The three firms Lord Jones advised in his ‘New Troubleshooter’ series clearly benefited from an independent third party asking some pertinent questions of owners and managers. Not all the advice was accepted. But the discussion and debate made for a better outcome than the future the firm faced before the intervention. That has to be the driving reason for inviting a stranger to give the “businesses tyres” a kick!

 

Conclusions

In the words of Lord Jones at the end of programme one:

“It’s small medium size businesses employing one more person that solve unemployment. It’s small and medium size businesses that grow because they take risk and they change and then they take on another person. They make more money. They pay more tax. They build more schools and hospitals.”

“That is why it is important that small and medium size businesses in our nation survive and prosper. That’s why it is important that Hereford Furniture does well. These guys pull this off; of course they will have done right by themselves, by their investment, by their courage, by their people who work here.”

“But they will have done right by the City of Hereford and they will have done right by our Country and frankly you can’t ask for more than that.”

 

Lessons from the series

These probably need an IFT members’ brainstorm session but here is my list for starters:

  1. Focus on what the business does best
  2. Optimise manufacturing efficiency
  3. Create value and pride through a brand
  4. Research your markets: what is the firm’s biggest opportunity?
  5. Break down barriers through communication and teamwork
  6. Plan changes and monitor progress against a cash flow forecast
  7. Reach out for advice
  8. Succession (maintaining skills) is vital for a sustainable future
  9. Leadership takes courage
  10. Hire the best

 

What the Digby’d firms say

Benny Hartop, Managing Director Hawick Knitware, The Draper, April 8 2014:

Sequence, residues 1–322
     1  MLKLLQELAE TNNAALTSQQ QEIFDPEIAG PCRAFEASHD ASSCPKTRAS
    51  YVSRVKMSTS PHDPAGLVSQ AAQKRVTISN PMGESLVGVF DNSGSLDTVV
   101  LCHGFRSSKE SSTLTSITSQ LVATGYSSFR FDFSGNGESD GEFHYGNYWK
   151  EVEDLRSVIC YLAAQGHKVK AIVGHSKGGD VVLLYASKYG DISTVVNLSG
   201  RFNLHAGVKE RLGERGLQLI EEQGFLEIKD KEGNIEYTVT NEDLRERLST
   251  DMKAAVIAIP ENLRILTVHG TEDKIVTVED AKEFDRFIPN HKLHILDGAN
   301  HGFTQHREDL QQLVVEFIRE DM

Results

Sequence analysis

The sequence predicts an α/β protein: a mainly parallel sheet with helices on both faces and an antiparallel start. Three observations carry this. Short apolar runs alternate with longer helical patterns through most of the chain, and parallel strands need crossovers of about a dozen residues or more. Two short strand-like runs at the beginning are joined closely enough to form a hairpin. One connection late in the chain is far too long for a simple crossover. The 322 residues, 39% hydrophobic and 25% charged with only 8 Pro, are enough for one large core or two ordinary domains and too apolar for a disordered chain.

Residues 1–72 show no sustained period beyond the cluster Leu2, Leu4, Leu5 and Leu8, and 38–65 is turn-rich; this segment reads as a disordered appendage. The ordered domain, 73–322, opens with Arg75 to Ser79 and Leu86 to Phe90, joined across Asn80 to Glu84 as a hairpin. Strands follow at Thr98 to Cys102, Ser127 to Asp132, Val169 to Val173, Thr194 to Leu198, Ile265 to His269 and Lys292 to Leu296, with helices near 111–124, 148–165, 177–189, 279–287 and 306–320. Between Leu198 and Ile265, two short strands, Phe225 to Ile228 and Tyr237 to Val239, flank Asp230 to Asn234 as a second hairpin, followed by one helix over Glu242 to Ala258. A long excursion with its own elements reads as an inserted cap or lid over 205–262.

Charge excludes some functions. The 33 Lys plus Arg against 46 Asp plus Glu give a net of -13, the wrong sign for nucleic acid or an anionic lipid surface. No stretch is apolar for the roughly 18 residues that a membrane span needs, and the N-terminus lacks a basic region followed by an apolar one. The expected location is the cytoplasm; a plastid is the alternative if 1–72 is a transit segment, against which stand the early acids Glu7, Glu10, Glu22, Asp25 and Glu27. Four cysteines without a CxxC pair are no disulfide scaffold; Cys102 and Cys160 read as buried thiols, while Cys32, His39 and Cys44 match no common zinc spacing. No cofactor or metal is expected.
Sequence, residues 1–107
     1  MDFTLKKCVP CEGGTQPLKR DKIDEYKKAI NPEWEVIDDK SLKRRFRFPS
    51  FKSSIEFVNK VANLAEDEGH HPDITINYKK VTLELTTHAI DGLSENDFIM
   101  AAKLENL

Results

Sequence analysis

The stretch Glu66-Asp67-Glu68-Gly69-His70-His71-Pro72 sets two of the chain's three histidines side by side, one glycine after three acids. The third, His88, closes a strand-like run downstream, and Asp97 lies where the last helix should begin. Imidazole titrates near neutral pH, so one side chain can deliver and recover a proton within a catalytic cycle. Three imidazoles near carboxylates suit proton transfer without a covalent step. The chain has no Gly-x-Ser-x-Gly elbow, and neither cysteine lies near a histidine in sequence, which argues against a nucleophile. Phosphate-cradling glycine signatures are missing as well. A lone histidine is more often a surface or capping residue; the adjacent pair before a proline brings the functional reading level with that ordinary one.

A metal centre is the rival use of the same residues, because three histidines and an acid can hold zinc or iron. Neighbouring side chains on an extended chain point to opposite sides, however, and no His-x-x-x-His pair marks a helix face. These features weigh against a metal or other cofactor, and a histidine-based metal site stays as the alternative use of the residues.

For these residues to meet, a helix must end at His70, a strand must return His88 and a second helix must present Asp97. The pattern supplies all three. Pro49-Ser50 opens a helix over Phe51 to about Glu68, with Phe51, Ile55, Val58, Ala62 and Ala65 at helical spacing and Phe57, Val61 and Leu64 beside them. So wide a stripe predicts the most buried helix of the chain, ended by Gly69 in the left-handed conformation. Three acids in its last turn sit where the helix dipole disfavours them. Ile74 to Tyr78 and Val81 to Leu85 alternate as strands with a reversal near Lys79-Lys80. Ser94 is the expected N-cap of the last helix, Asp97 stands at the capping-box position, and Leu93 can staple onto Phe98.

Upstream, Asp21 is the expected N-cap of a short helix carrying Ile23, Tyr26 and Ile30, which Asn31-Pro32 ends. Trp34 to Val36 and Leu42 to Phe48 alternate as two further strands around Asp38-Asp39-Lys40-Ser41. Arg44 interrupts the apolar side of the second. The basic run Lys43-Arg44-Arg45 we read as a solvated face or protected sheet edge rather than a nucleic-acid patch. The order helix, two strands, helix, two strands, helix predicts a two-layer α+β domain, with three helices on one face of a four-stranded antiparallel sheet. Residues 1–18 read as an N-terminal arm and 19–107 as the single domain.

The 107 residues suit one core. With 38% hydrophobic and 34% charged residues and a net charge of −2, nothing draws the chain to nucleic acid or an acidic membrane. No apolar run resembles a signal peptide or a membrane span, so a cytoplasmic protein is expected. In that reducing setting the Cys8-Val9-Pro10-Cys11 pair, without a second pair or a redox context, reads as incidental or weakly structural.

“When you’re involved in the day to day it can be hard to see the wood from the trees at times. It was very reassuring that all the points Digby raised we had already discussed in-house, but it was a matter of changing priorities in order to make the most of the export market.”

Post script: Hawick Knitware has taken on a Japanese agent and secured an account with Isetan Mitsukoshi, a high end department store. It has also had some promising meetings with Chinese buyers.

 

Pamela Petty, Managing Director, Ebac and Norfrost, website:

“…the opportunity to go behind the scenes of some world class companies and industry experts was an amazing opportunity. We’ve learned so much on this journey, not least from Digby himself.”

Post script: Ebac is expanding its appliance manufacturing and is planning to launch a washing machine in 2014.

If you think your business could benefit from “new troubleshooter” style advice then the IFT can help you find someone with the experience to lead the discussion and make a difference to your business outcome.

 

 

Contact IFT Central for details of members in your region: [email protected]uteforturnaround.com

http://www.instituteforturnaround.com/

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About

Ian is an Independent Executive who is passionate about helping SME businesses grow, develop and improve performance. His focus is supporting businesses through periods of challenge to achieve better outcomes for all stakeholders. That often means taking charge as Chief Executive/Managing Director to bring fresh leadership to the strategic, financial and operational challenges being faced. Since 2000 Ian has led the transformation of six businesses for corporate, private and PE clients.